The red hot tip is ... Adelaide
Craig Cook From: The Advertiser February 29, 2012
ADELAIDE has emerged as clear favourite to entice wonder mare Black Caviar for her attempt at a record-breaking 20th successive win.
A bidding war over Black Caviar has broken out among four states.
The Advertiser understands trainer Peter Moody will announce, as early as tomorrow, the Group 1 Robert Sangster Stakes at Allan Scott Park Morphettville on April 28 will be her next start.
That would stop last-minute bids from Victoria, NSW and Queensland to host the champion for her most significant milestone.
The Melbourne Racing Club has come under criticism for a last-minute bid to attract Black Caviar with a contrived race.
The winner of 19 successive races is spelling at a secret location while the furore over her future escalates. Moody wants to race Black Caviar in Australia before she embarks on her first overseas mission to England for the Group 1 Diamond Jubilee at Royal Ascot in June.
The South Australian Jockey Club has been negotiating for more than six months with the Moody camp and is as confident as it has been that Black Caviar is on her way.
Moody last week said it was a race between Adelaide and Brisbane for the mare's next start.
SAJC chief executive Brenton Wilkinson has flown back early from Malaysia to counter criticism that his club is standing by while the MRC attempts to grab the initiative.
"I spoke to Peter's media manager this morning and told him there's a mad feeding frenzy around what's going to happen," he said yesterday.
"I mentioned the (State) Government have approached us and offered help - not necessarily money - to ensure this happens for Adelaide."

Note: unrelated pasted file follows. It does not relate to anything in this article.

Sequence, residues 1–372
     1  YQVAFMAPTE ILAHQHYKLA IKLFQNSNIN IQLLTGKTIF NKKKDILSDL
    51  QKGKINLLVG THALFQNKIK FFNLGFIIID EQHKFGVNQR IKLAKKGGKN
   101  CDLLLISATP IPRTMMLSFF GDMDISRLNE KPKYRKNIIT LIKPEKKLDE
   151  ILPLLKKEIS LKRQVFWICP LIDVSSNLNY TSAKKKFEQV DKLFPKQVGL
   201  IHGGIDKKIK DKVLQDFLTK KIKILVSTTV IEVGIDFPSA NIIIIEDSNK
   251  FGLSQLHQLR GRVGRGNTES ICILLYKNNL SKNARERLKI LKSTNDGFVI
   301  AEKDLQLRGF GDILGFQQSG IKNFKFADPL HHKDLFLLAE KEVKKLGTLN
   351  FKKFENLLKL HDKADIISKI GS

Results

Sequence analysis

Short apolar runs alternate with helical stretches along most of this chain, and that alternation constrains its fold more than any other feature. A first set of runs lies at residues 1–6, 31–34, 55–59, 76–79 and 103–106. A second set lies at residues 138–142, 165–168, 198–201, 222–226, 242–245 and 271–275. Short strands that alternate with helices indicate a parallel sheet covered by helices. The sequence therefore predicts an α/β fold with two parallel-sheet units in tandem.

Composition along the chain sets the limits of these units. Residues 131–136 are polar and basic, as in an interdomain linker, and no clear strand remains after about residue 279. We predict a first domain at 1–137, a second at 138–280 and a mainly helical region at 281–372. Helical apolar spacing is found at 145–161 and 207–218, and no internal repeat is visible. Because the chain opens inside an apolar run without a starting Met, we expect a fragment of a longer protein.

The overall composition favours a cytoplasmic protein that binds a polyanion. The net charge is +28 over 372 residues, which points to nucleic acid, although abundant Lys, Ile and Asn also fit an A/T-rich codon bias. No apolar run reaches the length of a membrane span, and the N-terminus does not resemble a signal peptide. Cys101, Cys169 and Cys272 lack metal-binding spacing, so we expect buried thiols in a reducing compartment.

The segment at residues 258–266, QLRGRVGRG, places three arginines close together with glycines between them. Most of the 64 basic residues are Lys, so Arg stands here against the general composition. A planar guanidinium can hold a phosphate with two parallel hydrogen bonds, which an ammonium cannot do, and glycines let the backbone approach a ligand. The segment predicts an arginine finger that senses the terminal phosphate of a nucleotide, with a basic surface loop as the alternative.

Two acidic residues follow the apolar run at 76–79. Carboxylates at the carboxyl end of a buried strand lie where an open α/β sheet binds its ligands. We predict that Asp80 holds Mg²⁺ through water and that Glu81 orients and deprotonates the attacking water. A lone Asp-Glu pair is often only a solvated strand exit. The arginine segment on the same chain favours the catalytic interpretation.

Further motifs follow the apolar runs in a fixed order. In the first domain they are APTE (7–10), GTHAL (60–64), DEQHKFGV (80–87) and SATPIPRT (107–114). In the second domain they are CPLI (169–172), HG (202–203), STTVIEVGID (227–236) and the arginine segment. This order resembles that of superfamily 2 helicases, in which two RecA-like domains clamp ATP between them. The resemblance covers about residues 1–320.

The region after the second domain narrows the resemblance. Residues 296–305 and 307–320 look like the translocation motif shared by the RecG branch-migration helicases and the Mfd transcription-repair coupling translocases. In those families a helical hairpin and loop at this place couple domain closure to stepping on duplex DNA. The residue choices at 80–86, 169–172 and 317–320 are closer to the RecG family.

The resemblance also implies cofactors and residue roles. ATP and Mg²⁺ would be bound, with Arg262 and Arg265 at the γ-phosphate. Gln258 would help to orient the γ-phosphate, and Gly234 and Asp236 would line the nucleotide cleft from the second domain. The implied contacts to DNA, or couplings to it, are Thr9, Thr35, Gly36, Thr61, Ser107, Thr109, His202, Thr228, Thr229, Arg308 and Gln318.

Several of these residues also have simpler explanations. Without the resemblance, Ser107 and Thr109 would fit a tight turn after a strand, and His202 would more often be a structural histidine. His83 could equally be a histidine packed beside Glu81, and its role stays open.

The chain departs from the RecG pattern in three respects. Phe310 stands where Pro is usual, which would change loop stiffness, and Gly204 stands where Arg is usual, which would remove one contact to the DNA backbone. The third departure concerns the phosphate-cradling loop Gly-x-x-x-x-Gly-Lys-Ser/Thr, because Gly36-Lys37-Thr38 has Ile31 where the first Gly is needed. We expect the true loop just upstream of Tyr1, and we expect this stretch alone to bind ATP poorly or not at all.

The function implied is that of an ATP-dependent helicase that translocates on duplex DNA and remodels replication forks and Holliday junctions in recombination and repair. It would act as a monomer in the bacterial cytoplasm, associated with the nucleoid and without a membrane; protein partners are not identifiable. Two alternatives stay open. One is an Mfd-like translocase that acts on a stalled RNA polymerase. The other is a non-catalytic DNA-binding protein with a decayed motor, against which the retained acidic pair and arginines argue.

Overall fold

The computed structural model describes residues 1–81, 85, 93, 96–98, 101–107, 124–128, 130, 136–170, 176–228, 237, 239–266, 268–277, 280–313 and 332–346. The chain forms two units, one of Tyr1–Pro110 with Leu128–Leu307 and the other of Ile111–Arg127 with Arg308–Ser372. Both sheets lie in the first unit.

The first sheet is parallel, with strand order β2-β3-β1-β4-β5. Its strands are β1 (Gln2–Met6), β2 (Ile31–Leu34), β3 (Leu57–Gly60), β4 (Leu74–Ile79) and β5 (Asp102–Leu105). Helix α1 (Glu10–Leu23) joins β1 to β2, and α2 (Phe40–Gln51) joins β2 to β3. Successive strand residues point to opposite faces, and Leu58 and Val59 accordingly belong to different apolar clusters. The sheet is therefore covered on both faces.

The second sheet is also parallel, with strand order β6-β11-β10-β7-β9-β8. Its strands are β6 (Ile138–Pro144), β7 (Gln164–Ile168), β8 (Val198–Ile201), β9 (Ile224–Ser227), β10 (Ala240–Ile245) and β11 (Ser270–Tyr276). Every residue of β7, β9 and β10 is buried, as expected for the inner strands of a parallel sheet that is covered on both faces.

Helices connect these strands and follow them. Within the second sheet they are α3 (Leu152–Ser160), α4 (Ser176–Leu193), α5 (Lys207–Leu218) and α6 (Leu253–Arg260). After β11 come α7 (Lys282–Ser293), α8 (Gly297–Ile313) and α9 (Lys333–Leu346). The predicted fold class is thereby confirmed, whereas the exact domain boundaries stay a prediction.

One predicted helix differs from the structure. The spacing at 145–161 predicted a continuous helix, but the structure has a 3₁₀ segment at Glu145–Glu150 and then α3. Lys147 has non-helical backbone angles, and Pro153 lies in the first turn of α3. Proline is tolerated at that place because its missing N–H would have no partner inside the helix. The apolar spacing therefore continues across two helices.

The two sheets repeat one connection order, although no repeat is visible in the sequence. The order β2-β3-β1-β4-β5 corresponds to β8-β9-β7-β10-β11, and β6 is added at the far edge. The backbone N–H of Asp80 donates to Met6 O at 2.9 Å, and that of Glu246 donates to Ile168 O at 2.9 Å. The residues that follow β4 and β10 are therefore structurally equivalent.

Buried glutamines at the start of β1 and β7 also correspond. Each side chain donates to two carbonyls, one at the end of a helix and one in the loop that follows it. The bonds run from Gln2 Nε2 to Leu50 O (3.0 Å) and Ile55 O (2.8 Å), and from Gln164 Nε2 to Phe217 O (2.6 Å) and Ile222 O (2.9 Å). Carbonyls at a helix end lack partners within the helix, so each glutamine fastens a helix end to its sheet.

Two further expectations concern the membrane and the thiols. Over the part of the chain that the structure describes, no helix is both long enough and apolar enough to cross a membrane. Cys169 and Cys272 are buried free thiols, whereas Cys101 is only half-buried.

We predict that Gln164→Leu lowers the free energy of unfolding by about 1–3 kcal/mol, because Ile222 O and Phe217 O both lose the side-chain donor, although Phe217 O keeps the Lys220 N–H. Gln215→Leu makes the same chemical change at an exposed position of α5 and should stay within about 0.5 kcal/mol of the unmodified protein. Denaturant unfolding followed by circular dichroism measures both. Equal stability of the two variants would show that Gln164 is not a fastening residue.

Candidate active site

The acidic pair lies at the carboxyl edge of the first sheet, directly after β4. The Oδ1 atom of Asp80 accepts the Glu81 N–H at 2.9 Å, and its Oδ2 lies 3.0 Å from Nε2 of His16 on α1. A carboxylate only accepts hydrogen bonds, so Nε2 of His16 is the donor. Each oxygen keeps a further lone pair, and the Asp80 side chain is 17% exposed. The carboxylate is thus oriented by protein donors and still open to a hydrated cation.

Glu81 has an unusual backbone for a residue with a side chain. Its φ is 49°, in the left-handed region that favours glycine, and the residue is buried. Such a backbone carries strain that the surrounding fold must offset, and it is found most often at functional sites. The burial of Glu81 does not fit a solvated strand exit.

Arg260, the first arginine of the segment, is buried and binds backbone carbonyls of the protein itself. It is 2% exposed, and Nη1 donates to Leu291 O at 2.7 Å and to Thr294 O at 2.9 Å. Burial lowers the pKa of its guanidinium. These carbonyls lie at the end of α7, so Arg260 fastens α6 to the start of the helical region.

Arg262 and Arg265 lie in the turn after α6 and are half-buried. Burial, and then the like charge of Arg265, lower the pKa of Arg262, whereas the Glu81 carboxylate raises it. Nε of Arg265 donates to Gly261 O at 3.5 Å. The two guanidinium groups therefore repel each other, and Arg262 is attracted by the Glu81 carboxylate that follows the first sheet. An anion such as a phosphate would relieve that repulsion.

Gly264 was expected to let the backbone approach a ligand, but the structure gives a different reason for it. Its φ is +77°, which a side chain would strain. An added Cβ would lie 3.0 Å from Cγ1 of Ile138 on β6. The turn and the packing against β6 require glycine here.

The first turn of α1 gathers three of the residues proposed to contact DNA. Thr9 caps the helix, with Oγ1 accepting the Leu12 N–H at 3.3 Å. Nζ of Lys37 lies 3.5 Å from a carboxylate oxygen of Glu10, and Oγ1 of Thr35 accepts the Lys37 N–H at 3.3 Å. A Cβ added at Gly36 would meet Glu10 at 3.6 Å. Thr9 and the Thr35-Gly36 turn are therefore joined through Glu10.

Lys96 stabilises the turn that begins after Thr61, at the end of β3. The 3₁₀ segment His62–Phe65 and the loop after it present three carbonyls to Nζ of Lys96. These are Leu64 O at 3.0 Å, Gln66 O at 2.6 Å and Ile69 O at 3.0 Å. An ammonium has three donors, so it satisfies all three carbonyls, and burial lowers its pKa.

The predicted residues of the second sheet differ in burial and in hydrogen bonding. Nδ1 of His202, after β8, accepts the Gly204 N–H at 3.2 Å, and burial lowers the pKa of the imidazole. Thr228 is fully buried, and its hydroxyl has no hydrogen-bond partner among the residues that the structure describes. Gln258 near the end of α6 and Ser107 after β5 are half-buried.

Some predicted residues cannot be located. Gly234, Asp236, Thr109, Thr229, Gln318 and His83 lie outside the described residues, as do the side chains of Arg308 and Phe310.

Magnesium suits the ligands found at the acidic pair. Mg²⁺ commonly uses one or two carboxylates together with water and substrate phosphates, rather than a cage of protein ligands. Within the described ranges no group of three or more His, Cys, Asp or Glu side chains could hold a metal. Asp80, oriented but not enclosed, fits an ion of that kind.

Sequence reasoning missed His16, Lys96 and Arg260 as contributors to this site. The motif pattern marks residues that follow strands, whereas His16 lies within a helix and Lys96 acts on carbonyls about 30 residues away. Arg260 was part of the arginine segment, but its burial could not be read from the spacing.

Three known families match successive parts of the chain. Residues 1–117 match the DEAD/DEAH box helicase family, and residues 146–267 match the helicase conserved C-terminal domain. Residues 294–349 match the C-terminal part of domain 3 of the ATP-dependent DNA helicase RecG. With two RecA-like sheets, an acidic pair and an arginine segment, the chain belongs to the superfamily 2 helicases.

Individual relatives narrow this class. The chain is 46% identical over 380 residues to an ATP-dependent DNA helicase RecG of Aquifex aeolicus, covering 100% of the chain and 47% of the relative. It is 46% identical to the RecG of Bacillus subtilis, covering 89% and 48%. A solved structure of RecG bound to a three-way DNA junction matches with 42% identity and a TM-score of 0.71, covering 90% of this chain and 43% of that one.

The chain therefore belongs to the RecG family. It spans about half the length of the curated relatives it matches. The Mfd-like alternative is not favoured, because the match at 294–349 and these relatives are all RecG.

Premier Jay Weatherill said the government was "very supportive of SAJC's bid to bring Black Caviar to Adelaide". "While Black Caviar racing here would be fantastic, we believe the SAJC is best placed to conduct these negotiations," he said.
Group 1 Sangster nominations close on April 17 but the SAJC does not expect to be on tenterhooks until then.
"My approach will remain softly softly but obviously the earliest we can know for sure the better," Mr Wilkinson said.
"Technically they could drag it out until then (April 17) but I expect to speak directly with Peter (tomorrow) and be told about her future."
The SAJC has revised down estimates on a maximum crowd for a Black Caviar visit because of health and safety issues.
"We think at least 40,000 would want to come but we wouldn't be able to fit them all in," Mr Wilkinson said.
"All things considered we would be planning for a capacity crowd of 25,000-30,000."
Nearly 1000 Black Caviar fans already have voted with their wallets forking out significant money - with no appearance guarantee - for trackside dining on April 28.
The SAJC has given a committment entrance fees, as well as dining and food prices, will not be raised on the day if Black Caviar races.
Mr Wilkinson said his club had been "extremely disappointed" with the approach from the MRC to "steal" the champion mare for an Australian encore before she heads to England.
"Race programming is set for years in advance and to just make up a race goes against the whole spirit of racing in Australia," he said.
The MRC has received criticism for its concept race with history buffs concerned such a race would be "illegitimate" and damage Black Caviar's reputation.
Caulfield - where she is stabled - would be the easiest option for a 20th run, but the race would not carry Group status, meaning her streak of 18 successive Stakes wins - also a world record - would be ended.
The Australian Turf Club in New South Wales is considering increasing prizemoney for the listed Hall Mark Stakes at Randwick on April 28 to lure Black Caviar. It was prepared to move the race to Rosehill on May 12 or May 26 if that better suited Moody's schedule.